Perceptual Control Theory as a Framework for Modelling Living Systems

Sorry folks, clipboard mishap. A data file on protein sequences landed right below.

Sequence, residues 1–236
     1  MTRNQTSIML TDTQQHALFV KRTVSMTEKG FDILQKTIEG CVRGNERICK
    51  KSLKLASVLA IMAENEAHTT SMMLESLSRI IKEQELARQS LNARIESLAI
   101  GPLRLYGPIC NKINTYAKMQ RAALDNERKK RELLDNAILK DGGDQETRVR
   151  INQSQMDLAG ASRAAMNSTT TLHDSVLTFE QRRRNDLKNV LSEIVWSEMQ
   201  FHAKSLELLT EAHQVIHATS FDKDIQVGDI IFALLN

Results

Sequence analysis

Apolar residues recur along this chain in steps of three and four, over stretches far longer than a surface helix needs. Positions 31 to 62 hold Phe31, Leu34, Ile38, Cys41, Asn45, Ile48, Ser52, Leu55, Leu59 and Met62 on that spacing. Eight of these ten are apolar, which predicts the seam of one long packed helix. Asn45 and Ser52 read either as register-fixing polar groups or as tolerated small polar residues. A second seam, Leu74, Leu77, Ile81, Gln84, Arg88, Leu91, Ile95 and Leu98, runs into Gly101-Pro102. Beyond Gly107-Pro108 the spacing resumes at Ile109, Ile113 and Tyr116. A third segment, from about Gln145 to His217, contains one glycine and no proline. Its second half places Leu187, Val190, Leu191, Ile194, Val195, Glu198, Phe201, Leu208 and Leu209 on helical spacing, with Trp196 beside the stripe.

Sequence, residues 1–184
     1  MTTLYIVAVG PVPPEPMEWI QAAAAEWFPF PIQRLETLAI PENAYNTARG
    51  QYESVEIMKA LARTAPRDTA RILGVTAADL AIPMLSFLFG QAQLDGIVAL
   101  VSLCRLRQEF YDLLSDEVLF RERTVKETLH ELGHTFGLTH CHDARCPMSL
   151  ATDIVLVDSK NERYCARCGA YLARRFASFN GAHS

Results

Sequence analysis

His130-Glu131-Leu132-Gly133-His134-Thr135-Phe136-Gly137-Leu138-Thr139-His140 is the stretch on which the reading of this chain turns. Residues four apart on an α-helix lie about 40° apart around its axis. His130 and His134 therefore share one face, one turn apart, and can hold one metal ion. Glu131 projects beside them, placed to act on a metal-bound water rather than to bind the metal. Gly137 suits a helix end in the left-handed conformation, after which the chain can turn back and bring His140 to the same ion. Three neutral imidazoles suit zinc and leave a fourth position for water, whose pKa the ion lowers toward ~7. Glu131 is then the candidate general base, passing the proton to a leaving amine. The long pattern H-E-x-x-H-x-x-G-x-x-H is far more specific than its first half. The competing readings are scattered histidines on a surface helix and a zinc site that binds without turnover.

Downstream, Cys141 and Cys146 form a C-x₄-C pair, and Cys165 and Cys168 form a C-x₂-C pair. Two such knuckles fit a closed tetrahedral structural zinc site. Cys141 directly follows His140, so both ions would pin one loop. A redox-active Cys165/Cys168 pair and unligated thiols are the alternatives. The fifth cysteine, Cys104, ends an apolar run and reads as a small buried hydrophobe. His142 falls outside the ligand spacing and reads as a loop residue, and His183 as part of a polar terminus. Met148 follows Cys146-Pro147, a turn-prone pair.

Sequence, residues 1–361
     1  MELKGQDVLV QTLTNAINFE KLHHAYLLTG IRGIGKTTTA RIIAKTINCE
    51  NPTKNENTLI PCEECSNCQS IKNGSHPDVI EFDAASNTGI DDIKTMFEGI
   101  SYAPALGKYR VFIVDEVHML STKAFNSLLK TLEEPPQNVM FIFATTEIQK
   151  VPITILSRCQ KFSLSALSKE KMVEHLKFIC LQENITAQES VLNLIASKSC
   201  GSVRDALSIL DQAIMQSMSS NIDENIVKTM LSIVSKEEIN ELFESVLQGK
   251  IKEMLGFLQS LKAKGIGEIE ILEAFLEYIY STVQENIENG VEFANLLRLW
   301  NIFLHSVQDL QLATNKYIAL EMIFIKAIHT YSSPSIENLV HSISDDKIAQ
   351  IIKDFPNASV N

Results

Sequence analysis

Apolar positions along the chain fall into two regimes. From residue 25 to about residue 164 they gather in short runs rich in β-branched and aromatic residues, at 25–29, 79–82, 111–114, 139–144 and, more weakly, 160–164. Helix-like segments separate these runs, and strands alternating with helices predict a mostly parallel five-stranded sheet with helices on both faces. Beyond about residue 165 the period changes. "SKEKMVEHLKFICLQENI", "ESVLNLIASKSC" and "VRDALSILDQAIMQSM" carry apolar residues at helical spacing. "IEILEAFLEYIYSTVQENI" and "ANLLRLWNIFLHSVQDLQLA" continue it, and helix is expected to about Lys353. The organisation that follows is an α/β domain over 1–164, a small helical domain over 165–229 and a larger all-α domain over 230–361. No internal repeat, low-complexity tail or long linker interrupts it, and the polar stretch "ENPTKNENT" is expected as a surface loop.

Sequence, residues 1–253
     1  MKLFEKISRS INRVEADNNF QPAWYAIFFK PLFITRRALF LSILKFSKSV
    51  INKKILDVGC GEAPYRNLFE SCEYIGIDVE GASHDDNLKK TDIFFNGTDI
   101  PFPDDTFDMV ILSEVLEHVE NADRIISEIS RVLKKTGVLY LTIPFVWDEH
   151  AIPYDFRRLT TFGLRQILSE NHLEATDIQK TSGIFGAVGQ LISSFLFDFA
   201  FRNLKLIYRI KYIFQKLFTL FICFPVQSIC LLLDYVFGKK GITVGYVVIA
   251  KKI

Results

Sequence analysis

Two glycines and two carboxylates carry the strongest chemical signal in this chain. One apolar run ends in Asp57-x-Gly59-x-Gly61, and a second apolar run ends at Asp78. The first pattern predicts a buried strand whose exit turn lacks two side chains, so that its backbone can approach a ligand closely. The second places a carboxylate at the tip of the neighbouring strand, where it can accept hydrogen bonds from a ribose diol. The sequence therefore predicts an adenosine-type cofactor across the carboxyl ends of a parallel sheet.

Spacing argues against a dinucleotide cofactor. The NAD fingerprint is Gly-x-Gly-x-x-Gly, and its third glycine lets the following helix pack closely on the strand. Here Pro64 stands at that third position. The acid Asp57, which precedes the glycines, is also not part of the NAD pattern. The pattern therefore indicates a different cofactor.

Perceptual Control Theory (PCT; Powers, Clark & McFarland, 1960; Powers, 1973, 2005) is a self-regulatory framework developed from control system engineering. The theory has been widely applied across the social and life sciences (see yet it is not popularly recognised or understood within academic circles. PCT utilises hierarchically organised negative feedback loops that control their input through ongoing change in output. Higher control loops set the reference value (standard) for lower order loops rather than having any direct effect on observable behaviour. The system as a whole learns through trial-and-error reorganisation of the weighted connections between the systems at adjacent levels. Computer models that utilise PCT include arm co-ordination (Powers, 2008), ball catching (Marken, 2001), crowd behaviour (Tucker et al., 1996), goal-directed walking and balance (Kennaway, 1999) and speech production (Moore, 2007). This paper will involve an introduction and explanation of PCT, brief descriptions of existing computer models, and an overview of current research directions using PCT to model reasoning biases in psychosis and mood regulation in bipolar disorder.

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